Despite being snowed under Tim Bowen still finds time to share some weather related idioms with you.
‘I won’t be able to join you this evening as I’m feeling a bit under the weather (ill) and Jane is snowed under (extremely busy) with work, so she won’t be going either.’ The speaker will probably be as right as rain (completely recovered and healthy) in a day or two but Jane will be on thin ice (at risk of annoying someone) if she fails to complete all her work.
As the stereotypical British conversation often seems to involve the weather, it is little surprise that weather idioms abound in the English language. These seem to cover most types of weather ranging from fog (My mind’s in a complete fog, i.e. I can’t think straight), through wind (It’s an ill wind that blows nobody any good, i.e. there’s always someone who derives some benefit from a bad situation) to the inevitable rain (It never rains but it pours, i.e. problems always seem to happen at the same time).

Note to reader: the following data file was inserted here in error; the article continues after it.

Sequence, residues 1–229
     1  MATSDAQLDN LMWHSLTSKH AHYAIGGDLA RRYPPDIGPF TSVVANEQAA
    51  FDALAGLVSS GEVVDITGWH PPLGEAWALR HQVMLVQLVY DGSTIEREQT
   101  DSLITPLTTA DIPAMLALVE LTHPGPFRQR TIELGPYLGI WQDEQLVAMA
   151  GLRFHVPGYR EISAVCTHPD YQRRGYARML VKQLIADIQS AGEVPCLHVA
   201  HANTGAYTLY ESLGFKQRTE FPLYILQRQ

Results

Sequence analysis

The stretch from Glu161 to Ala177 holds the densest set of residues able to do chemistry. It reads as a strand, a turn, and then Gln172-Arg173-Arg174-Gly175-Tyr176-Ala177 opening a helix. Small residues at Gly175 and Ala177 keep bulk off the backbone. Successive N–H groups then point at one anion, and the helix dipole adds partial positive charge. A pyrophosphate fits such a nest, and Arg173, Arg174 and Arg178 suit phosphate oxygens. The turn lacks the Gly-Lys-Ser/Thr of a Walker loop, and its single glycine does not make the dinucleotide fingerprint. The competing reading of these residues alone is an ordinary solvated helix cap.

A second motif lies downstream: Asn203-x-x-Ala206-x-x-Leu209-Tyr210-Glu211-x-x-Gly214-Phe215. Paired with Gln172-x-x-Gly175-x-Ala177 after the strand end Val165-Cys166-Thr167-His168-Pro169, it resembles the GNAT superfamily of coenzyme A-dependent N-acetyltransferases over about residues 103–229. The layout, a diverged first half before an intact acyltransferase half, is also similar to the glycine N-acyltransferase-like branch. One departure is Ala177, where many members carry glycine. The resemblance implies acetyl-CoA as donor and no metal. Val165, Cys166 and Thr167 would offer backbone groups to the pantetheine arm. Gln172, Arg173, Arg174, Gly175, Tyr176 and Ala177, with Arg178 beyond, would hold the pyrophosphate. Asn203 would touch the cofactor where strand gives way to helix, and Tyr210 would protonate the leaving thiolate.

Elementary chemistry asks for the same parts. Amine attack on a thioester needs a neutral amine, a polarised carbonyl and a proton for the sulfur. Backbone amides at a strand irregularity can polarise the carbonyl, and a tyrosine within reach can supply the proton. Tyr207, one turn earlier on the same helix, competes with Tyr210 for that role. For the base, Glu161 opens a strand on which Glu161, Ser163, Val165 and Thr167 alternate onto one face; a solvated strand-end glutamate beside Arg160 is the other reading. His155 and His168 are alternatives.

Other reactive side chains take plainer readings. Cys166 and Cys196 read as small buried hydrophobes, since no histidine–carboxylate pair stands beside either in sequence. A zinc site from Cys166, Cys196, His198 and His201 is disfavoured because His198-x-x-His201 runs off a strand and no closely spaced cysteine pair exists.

The phrase a storm in a teacup is used to refer to a lot of trouble or fuss about something that is not important, as in ‘If I were you, I wouldn’t worry about it. It’s just a storm in a teacup’.
Teaching tip: ask learners to use an English-English dictionary or a search engine to find the meaning of these phrases, which can also be used idiomatically and which are also related to the weather: a port in a storm; to rain on someone’s parade; as pure as the driven snow; the mists of time; to be a breeze.